Nearly half a decade ago, geologists believed that they had discovered petite gems inside zircon crystals from Western Australia’s Jack Hills, which were considered to be the world’s oldest diamonds. The minerals were considered to be 4.3 billion years old, suggesting that the primordial earth cooled at a much earlier rate, in order to create a thick, continental crust under which diamonds could be formed.
It was only in late December that UCR geologists Dr. Larissa Dobrzhinetskaya and Dr. Harry Green discovered that the gems were actually leftover fragments of a synthetic diamond paste, which became embedded within hair-width cracks of the crystals during a laboratory polishing.
Through the use of a high-resolution electron microscope, the university researchers found that the diamonds had sharp “square” corners, instead of bumpy ones like real diamonds. “Our technique shows us that this diamond is not natural; this diamond is a laboratory contamination,” Dobrzhinetskaya said. “(Because) natural diamonds never, never occur in such a form.”
“In indigenous diamonds that we have discovered in zircons, the diamond and zircon commonly have extremely convoluted boundaries reflecting that they grew simultaneously, with the larger zircon crystals surrounding the diamonds and entrapping them,” expressed Green.
He also said the original authors of two Jack Hills zircon papers, published in 2007 and 2008, were “irresponsible” for using only diamond paste to prepare the minerals without applying alternative laboratory procedures on other zircon rocks.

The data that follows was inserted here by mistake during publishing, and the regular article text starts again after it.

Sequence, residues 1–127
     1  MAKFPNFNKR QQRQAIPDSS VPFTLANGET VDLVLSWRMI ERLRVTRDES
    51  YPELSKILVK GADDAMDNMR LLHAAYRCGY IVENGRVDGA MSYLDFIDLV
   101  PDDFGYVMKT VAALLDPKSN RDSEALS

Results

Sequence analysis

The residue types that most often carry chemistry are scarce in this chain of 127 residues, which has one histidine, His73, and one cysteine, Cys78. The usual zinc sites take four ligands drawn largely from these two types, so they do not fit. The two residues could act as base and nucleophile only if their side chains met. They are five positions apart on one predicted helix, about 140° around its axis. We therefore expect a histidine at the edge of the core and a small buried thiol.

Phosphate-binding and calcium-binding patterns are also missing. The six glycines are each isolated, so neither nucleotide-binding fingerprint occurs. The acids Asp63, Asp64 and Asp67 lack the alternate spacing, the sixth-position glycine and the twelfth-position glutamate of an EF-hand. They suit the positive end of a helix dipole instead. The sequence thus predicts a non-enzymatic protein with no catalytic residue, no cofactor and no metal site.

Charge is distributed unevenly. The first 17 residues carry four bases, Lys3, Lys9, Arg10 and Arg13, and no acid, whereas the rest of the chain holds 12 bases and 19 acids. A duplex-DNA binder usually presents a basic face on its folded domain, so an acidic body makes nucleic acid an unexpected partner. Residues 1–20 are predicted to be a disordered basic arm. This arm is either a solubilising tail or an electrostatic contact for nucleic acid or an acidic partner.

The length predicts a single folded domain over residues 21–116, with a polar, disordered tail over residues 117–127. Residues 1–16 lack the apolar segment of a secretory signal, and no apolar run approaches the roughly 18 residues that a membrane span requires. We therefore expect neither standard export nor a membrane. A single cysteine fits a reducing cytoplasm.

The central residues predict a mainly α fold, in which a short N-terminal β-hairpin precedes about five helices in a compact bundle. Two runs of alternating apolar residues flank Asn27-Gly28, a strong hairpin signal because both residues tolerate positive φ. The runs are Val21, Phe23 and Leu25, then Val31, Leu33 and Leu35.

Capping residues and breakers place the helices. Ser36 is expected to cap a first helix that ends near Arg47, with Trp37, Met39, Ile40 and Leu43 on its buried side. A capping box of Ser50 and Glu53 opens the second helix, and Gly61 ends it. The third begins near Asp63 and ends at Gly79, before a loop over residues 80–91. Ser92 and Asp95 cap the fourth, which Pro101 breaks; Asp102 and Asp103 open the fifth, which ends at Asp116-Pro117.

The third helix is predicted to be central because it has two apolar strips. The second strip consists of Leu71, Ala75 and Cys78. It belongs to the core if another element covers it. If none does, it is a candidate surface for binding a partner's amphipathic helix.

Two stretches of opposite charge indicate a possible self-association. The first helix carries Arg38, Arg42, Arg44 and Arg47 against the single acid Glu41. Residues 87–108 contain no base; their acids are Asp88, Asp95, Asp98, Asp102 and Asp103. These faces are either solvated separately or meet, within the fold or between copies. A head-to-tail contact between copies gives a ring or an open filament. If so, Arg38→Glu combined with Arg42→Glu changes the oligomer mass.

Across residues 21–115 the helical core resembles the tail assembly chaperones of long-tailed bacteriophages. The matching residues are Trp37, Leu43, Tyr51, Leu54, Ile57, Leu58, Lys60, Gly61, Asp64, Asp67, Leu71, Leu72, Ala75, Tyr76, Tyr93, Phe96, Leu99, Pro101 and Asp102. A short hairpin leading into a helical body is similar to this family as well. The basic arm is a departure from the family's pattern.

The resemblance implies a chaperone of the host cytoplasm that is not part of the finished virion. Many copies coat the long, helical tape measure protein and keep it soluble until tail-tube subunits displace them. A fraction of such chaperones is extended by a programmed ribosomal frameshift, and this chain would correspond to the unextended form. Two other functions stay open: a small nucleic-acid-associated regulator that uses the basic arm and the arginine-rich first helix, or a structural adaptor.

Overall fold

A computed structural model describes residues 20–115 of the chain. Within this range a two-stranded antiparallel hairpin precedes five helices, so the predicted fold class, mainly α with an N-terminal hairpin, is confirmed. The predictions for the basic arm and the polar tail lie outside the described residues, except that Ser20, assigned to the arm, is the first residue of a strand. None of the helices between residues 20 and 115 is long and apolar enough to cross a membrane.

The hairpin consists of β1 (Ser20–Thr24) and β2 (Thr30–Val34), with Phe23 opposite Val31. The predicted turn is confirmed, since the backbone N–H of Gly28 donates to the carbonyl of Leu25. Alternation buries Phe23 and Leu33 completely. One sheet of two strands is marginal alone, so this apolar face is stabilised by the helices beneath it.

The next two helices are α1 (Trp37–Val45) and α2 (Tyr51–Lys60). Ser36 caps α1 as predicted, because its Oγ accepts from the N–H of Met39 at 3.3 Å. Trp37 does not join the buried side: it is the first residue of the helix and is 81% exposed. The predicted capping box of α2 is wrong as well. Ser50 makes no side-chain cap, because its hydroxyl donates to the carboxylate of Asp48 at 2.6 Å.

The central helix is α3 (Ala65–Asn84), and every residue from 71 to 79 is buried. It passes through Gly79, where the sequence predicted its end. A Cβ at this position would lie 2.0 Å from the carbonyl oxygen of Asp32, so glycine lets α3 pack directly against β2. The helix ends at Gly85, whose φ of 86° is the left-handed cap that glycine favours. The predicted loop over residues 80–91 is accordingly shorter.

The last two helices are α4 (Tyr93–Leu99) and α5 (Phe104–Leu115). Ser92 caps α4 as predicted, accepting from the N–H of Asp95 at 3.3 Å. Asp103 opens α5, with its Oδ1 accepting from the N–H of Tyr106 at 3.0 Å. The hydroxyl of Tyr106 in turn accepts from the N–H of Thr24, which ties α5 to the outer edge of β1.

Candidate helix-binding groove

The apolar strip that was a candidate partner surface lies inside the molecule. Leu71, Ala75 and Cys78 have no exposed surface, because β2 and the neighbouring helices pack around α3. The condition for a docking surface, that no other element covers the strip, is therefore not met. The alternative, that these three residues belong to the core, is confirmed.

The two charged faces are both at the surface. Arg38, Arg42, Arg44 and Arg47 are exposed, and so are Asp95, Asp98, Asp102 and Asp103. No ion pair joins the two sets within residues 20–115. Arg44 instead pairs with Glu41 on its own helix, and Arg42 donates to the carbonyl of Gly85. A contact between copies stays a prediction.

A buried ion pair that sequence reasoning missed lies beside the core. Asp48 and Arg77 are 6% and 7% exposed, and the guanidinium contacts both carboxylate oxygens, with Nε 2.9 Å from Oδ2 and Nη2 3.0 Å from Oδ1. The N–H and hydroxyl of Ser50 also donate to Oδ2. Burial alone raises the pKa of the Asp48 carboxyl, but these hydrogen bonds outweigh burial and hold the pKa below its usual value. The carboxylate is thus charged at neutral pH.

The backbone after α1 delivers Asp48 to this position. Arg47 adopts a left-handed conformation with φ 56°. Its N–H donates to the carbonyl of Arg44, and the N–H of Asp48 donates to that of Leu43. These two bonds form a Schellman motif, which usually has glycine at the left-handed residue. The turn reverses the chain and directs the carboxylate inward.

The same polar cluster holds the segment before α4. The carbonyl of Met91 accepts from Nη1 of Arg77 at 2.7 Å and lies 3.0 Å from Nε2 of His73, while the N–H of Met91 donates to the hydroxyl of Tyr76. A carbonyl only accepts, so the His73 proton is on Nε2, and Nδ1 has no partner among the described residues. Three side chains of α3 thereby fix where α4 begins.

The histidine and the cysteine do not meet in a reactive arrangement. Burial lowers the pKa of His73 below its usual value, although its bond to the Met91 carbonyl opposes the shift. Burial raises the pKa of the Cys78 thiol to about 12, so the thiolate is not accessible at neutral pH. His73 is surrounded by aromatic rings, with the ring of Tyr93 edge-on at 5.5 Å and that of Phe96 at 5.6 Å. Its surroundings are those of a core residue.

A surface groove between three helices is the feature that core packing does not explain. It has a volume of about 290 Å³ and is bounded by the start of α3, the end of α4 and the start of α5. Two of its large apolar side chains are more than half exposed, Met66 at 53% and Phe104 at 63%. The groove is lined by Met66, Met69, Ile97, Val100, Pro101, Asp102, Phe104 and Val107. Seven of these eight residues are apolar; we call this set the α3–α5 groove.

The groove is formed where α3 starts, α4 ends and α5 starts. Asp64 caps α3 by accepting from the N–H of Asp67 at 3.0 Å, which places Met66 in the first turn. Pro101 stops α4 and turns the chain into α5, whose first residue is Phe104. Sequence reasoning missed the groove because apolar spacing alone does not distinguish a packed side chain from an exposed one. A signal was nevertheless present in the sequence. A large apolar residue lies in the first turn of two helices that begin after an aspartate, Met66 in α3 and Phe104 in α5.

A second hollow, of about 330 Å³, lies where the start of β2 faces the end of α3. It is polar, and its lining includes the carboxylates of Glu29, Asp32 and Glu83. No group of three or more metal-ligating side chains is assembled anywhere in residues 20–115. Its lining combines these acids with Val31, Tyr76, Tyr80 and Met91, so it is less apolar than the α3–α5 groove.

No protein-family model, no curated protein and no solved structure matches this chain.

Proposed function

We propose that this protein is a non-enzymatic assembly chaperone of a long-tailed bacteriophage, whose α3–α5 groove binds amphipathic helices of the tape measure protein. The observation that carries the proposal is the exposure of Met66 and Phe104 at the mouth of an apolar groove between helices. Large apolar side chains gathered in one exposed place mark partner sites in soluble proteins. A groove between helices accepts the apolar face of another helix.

“Moreover, because they found these diamonds in different age sectors of different zircons, the diamond incorporation had to either have happened during specimen preparation (contamination) or there had to have been several repeated incorporations spanning a period of hundreds of millions of years,” said Green. The latter would require the occurrence of major geological events, which Green says there is no evidence of, especially in all other Jack Hill zircons studied by other scientists.
“Back then, we were convinced that the diamonds are real due to apparently clear evidence,” said Thorsten Geisler-Wierwille, co-author of the 2007 study. “We agree with the final conclusion of Dobrzhinetskaya and co-workers.”
David Oglesby, a university geophysicist, also gave his two cents about the recent discovery made by his fellow colleagues, whom he has known for over a decade.
“Both Harry Green and Larissa Dobrzhinetskaya are top-notch, world-class scientists and teachers, and we are extremely lucky to have them in our UCR family,” he said. “(Their research) is a fascinating discovery, and a true cautionary tale in science. It shows just how carefully all of us must be in our experimental design. It also is a reminder that science is a self-correcting system of knowledge.”
The UCR scientists were joined by Richard Wirth at the Helmholtz Centre Potsdam in Germany for their research, which was published online in the journal of Earth and Planetary Science Letters on Feb. 1, 2014. The world’s oldest diamonds are now believed to be 3.2 billion years old, instead.